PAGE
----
The word stade is a Saxon term meaning landing place.
The beach was originally a small landing area; hence the small footprint of the net shops. The building of the 1887 groyne at Rock-A-Nore and the 1896 harbour, however, stopped the eastward longshore transport of shingle along the coast, which is the function of groynes. As a result, the Stade steadily grew seaward, providing new room for the fishing fleet and necessary amenities.
Europe's biggest fleet of beach-launched fishing boats are based on The Stade. They must be hauled from the sea after each trip, so they can be no longer than about ten metres. This means that they can only carry small amounts of gear and travel just a few miles. As a result the fleet has always fished in an ecologically sound way.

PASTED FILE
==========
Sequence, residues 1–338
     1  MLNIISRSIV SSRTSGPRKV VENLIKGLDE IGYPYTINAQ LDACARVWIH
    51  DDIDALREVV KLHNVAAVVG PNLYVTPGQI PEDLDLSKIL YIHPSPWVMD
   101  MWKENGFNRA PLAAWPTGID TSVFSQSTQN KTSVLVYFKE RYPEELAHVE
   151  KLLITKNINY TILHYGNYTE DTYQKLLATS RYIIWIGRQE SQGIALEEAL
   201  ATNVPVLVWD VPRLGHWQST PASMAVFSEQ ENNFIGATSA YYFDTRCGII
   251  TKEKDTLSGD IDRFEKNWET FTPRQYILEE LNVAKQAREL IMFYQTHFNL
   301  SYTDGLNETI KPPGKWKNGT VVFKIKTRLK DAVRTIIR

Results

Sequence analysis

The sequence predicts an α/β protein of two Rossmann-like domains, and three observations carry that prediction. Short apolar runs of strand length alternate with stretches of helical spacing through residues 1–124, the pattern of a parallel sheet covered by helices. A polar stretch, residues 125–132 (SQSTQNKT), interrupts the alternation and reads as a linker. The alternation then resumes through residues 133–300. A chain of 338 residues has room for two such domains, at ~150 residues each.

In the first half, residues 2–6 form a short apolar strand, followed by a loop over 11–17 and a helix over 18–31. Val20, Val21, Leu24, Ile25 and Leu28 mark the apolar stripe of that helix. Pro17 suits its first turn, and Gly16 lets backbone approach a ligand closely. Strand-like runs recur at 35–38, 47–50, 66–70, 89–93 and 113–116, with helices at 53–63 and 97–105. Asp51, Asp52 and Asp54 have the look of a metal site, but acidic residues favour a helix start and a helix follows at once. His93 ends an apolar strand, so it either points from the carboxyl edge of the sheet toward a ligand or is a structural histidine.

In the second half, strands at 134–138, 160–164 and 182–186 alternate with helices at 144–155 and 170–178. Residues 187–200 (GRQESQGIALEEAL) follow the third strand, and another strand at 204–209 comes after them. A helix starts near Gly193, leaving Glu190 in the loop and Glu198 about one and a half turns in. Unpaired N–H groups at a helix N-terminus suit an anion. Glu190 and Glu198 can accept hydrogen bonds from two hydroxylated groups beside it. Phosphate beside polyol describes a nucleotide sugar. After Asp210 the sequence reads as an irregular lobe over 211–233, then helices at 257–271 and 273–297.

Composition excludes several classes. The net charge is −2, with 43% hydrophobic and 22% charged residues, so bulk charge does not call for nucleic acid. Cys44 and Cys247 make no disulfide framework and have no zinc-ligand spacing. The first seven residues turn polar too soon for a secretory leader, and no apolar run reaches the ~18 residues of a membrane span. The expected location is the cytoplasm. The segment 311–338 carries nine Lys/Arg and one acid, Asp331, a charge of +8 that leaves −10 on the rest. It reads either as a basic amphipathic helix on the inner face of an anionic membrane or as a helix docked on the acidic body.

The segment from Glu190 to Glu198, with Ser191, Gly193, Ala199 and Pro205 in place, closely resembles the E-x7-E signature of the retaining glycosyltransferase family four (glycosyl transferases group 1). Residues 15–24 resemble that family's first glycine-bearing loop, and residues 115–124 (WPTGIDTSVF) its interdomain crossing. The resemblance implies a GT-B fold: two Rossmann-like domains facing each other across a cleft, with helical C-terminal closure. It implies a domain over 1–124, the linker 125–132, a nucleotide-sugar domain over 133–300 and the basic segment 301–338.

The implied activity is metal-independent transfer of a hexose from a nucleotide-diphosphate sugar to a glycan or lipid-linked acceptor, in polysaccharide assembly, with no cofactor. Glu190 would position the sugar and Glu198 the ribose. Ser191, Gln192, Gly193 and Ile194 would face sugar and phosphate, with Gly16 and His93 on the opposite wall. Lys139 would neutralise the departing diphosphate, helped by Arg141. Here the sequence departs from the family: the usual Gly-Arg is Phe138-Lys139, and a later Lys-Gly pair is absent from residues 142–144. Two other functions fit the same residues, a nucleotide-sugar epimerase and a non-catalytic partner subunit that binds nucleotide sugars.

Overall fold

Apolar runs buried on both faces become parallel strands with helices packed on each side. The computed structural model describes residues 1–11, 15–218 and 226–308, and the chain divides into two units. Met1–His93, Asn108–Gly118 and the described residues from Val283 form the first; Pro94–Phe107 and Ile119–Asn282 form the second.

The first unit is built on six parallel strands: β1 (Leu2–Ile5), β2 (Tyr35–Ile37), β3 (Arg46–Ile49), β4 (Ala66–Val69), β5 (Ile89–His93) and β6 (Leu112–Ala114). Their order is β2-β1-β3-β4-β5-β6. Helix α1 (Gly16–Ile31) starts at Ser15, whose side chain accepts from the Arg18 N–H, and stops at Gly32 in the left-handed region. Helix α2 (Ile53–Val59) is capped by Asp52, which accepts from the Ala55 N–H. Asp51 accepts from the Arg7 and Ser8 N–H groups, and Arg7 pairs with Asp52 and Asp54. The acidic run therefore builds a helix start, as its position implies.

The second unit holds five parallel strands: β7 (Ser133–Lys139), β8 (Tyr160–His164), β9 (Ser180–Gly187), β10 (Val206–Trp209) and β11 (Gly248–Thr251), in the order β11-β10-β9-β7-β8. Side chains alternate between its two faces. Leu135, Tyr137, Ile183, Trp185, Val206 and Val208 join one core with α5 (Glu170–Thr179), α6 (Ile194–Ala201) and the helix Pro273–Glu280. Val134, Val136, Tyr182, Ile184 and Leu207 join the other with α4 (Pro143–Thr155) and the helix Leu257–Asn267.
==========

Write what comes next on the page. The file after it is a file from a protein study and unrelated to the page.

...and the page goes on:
A famous and unique part of the old town are the Net Shops. These are tall black wooden sheds which were built to provide a weather proof store for the fishing gear made from natural materials to prevent them from rotting in wet weather. The sheds are tarred (hence the colour) and weatherboarded.
The sheds were originally built on posts to allow the sea to go underneath, however more shingle has built up and the sea does not reach the huts anymore. The beach area, on which the Sheds stand, built up after groynes were erected in 1834, however the limited space meant the sheds had to grow upwards, even though some sheds do have cellars.
A common misconception[according to whom?] is that the sheds were used for drying the nets, hence the height. This is incorrect: nets were dried on the beach, and the sheds were built for net storage – the height is due to the limited space, and inside the sheds have always had multiple floors.
- Old Town Hall Museum
- Hastings Museums & Arts
- Nautical Heritage Association
- Royal National Lifeboat Institution
- Hastings Lifeboat
- BBC Southern Counties Page